Social impact businesses prioritize doing business in a way that actively helps a local or global cause. Over the past few decades, the social impact sector has grown considerably. A perfect example of such an organization is Humana, a Spanish-based second-hand vintage clothing store chain. It recycles used clothing in its shops and then uses the profits from the shops to support community cooperation projects in Spain, Africa, Asia and Central and South America. That is why this non-governmental organization is the perfect blend of fighting for environmental protection and participating in domestic and international humanitarian aid.
What is Humana?
In 1987, the international Foundation Humana People to People brought the Humana vintage store concept to Spain. There are 44 Humana stores in Spain and many more Humana branches throughout the world. The organization collects used clothing in collection bins in cities in Europe and North America where it is sorted and assessed in dedicated sorting centers and then sold in its vintage stores. Humana also sends some of the clothing to Belize and six countries in Africa to further sort, assess and then sell it. Humana works with municipal leaders for the collection and sorting process. By reusing and recycling unwanted clothing, Humana positively impacts the environment. In Spain alone in 2019, the organization collected almost 18 million tons of clothing and footwear.
Humana’s Social Impact
Humana stores may look like any average second-hand retail outlets, but they operate chiefly to make a significant social impact. In fact, Humana aligns with the United Nations 2030 Agenda and offers its support to countries that aim to achieve the U.N. Sustainable Development Goals (SDGs). In Spain, Humana’s income per year is above 25 million euros, generated essentially by the sale of clothing. It distributes its profits to development cooperation projects, environment protection programs, social assistance projects, education and awareness projects and support for clothing collection and social farming in Spain and in Asia, Central and South America and Africa. Importantly, regardless of the social projects, the Humana stores in Belize and the six African countries that continue to sort and assess clothes offer the locals a sense of dignity by offering them the luxury of choice in the realm of fashion, at very affordable prices.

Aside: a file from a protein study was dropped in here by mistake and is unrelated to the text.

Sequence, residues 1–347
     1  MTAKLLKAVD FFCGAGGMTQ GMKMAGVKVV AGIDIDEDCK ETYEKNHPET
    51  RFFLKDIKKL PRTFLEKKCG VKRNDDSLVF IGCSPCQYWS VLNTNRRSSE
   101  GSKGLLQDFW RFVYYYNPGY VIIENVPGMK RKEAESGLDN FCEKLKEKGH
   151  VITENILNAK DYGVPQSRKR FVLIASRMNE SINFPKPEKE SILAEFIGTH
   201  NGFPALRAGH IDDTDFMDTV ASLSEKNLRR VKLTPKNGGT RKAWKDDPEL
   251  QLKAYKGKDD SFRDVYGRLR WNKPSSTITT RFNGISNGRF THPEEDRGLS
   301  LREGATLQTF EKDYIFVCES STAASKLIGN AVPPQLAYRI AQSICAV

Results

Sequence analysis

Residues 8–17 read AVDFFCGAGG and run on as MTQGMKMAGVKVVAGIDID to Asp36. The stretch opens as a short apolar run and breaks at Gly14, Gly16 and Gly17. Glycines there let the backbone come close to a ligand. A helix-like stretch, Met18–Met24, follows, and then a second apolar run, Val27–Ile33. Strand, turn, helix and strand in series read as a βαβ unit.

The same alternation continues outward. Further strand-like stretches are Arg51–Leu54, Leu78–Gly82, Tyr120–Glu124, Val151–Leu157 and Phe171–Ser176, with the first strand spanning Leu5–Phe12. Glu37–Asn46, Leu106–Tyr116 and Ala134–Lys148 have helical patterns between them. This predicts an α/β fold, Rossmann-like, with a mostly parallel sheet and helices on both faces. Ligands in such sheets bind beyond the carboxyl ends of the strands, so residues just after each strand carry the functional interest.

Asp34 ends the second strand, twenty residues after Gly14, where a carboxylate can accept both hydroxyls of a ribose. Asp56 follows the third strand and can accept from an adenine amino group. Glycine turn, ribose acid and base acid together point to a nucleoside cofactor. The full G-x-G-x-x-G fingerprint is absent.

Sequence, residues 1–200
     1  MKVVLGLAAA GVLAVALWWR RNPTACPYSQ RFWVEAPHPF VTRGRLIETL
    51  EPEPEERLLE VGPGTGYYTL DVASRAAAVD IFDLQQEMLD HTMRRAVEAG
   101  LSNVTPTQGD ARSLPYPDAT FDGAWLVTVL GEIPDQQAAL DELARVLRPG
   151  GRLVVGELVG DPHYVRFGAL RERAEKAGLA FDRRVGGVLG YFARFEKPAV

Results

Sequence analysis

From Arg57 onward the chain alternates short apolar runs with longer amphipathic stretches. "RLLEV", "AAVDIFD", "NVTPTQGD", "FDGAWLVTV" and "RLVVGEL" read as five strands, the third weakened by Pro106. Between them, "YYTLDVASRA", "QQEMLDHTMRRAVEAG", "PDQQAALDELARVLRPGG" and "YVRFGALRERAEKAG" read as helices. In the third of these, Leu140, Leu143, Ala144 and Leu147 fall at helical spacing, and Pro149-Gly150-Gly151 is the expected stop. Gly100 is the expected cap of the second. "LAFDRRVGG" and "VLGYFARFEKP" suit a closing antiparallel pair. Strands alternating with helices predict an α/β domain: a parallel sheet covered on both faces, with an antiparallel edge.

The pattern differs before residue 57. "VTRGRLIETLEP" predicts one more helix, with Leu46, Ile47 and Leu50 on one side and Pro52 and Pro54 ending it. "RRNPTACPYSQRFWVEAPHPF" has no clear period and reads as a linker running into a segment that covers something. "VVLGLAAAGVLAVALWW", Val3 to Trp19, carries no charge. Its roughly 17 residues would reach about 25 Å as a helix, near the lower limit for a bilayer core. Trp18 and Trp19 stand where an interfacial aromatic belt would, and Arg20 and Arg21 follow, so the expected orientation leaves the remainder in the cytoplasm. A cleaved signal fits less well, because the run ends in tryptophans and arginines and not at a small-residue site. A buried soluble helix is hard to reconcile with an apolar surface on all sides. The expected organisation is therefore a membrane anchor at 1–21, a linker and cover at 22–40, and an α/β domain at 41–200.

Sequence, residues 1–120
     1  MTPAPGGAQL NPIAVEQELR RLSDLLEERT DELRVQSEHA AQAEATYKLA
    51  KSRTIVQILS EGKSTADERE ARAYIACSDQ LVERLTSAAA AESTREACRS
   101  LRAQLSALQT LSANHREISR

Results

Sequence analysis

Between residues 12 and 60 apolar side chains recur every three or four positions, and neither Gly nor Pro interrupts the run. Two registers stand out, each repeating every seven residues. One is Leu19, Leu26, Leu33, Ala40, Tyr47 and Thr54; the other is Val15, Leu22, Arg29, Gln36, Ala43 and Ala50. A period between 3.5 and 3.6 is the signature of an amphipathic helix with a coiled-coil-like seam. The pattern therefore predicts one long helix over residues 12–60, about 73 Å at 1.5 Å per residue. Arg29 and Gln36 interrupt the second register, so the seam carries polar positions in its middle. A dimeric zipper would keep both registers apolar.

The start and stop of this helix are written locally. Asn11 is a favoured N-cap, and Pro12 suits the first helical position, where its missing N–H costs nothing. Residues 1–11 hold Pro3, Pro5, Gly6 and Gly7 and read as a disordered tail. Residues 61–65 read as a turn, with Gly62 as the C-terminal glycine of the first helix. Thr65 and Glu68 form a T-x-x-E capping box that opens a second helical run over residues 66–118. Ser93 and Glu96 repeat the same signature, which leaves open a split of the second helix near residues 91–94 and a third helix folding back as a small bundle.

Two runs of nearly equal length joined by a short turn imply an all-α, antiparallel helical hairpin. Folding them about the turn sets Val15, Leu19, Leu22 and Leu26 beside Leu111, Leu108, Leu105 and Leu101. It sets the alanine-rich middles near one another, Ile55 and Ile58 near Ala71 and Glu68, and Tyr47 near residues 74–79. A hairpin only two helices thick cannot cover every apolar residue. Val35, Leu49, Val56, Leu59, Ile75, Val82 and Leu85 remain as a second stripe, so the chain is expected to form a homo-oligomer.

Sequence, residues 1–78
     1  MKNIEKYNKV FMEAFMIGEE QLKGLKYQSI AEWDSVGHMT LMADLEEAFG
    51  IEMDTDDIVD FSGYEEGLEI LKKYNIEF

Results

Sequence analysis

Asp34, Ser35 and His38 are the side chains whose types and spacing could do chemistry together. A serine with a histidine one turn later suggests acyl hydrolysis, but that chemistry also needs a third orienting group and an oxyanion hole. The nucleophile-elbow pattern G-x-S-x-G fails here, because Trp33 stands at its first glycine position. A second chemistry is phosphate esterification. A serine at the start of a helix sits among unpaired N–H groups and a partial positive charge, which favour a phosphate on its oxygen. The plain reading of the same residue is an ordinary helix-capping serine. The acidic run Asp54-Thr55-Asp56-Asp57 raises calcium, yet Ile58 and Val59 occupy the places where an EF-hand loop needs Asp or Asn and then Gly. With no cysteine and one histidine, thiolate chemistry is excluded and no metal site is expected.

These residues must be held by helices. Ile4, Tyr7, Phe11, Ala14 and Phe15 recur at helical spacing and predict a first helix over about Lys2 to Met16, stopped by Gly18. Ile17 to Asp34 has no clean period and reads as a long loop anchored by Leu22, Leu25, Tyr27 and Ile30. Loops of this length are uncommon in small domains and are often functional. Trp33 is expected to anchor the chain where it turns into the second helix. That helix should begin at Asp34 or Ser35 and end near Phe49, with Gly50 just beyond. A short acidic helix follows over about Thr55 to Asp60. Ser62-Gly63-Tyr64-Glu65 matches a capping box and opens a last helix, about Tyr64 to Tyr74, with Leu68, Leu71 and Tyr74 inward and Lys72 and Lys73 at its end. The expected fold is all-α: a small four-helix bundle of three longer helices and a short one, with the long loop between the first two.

Humana People to People, the parent organization, operates across five continents and in 45 countries. It has supported more than 9.6 people and invested in more than 1,238 project units.
Humana’s Environmental Impact
From 2014 to 2016, Humana conducted a sustainability study of its collection and sorting facilities in Germany to assess their ecological impact. Although the facilities consumed 6,148 cubic meters of water for the entire process chain, they saved 75 million cubic meters of water needed to produce new clothes. The same applies to their CO2 emissions. The process chain generated 5,253 tonnes of CO2, but their activities prevented the production of more than 112,892 tonnes of CO2. Consequently, this eased the strain on the environment by a total of 107,639 tonnes of CO2.
On top of that, these Humana facilities attempted to use as much renewable energy as possible throughout their process chain, which makes a considerable difference. Since only 21,000 MWh of energy was used compared to the potential 602,000 MWh that would have been used on producing new clothing, the company saved approximately 581,000 MWh in 2016 alone in its German collection and sorting centers.
Finally, although the sustainability report only represented a fraction of the entire Humana franchise, it gives an idea of the Humana People to People business model scope in terms of benefitting people throughout the world and the planet itself.
– Alexandra Piat
Photo: Wikipedia Commons